The meteorologist at Griffin Communications’ KWTV Oklahoma City has seen a lot of changes in weather forecasting since he first joined the CBS affiliate. But while his technology has evolved tremendously from the days of black & white radar, his philosophy and mission haven’t: Do the weather and the warnings, but balance that when you can with a little bit of humor. This is the first of six articles that will appear this week and that collectively constitute a TVNewsCheck Special Report on Severe Weather News.
Tracking Tornadoes, Saving Lives For 40 Years
Many TV stations are considered local institutions, and sometimes so are their meteorologists. Among the latter is Gary England who for the past 39 years has been delivering weather forecasts for Griffin Communications’ KWTV Oklahoma City, (DMA 45), and, more important, providing critical information about tornados and other severe weather whenever they threaten the sprawling market.
Over the years, he has amassed an extraordinary collection of honors and awards, culminating last year with the Society of Professional Journalists’ Lifetime Achievement Award. As if to show that that award was not meant to suggest the near end of his long career, SPJ also gave him first place for weather reporting for the year.
In this interview with TVNewsCheck Contributing Editor Arthur Greenwald, England shares some of this thoughts on the ever-improving forecasting and weather tracking technology, what it takes to make it as a TV meteorologist and why tornadoes are as fascinating as they are dangerous.
An edited transcript:
You have seen the technology change quite a bit and you had a good deal to do with developing it. What do you see as the major changes?
Well, it probably has been the various types of radar. There used to be this old black and white radar thing, then color radar and then the Doppler radar. Now there’s phased radar, and all these types of radars and systems that improve with each bit of progress.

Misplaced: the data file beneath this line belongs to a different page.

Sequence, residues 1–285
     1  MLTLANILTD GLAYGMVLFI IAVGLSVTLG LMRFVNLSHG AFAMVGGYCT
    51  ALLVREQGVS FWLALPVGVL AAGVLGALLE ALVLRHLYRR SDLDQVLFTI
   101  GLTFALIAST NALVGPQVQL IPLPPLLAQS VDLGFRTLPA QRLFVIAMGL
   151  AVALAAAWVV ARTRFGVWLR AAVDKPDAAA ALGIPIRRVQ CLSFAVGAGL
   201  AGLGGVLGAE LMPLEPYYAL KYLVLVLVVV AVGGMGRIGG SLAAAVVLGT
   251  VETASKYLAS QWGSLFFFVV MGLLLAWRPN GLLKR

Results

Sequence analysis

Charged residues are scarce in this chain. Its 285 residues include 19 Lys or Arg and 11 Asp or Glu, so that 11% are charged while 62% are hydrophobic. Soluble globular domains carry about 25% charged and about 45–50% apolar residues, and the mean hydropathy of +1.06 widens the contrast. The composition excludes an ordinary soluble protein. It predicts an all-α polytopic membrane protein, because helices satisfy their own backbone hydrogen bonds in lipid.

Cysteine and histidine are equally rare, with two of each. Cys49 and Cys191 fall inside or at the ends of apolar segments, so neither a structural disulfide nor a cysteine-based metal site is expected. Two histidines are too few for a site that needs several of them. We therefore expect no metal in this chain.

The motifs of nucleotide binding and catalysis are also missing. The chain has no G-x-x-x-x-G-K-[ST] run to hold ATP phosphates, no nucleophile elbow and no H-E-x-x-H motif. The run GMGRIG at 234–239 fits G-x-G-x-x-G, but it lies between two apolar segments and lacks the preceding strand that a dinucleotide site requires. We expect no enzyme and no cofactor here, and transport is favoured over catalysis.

Also, everyone now is becoming a amateur meteorologist because of the availability of the computer or the model results on the Internet. So that’s been a bit of a change for the audience in that they see the models. But the models are right only about 51% of the time. Basically, the problem with the models [and] the maps you pull up on the Internet is that they look real. I mean they really look real and they’re not.
There is also, of course, a revolution in how people receive news in general — on mobile devices and so forth. Does knowing that some of your audience is instantly receiving your reports affect the reporting?
No. It’s still the same thing, at least here. We sit down, we analyze what’s going on, we take a look at the models, we compare our forecasts with the National Weather Service. If there’s a difference, we go back and we look at it and we ponder it and then we put it out. We know it goes out to everyone almost instantaneously. So that doesn’t affect us at all. In fact, I like the quick communications.
In some areas of the country, weather promotion is humorous and the weatherman is sort of the comic relief on the newscasts. That can’t be the role you play here given the serious nature of your work.
No. It’s serious business. When I first got hired, a long time ago in ’72, the guy that hired me was bright. But I was much younger and I thought, well, what does he know. He said to me, “Gary, let me tell you. “Doing television weather in Oklahoma is like getting up on a fence and walking along the top of that fence. If you fall off the one side with meteorology, or if you fall off to the other side with it all being entertainment, you die.”
You have to do the balance: Do your weather, do your meteorology, take care of the people, make the warnings, but, in other times, you have to balance that with a little bit of humor, a little bit of fun, but nothing corny.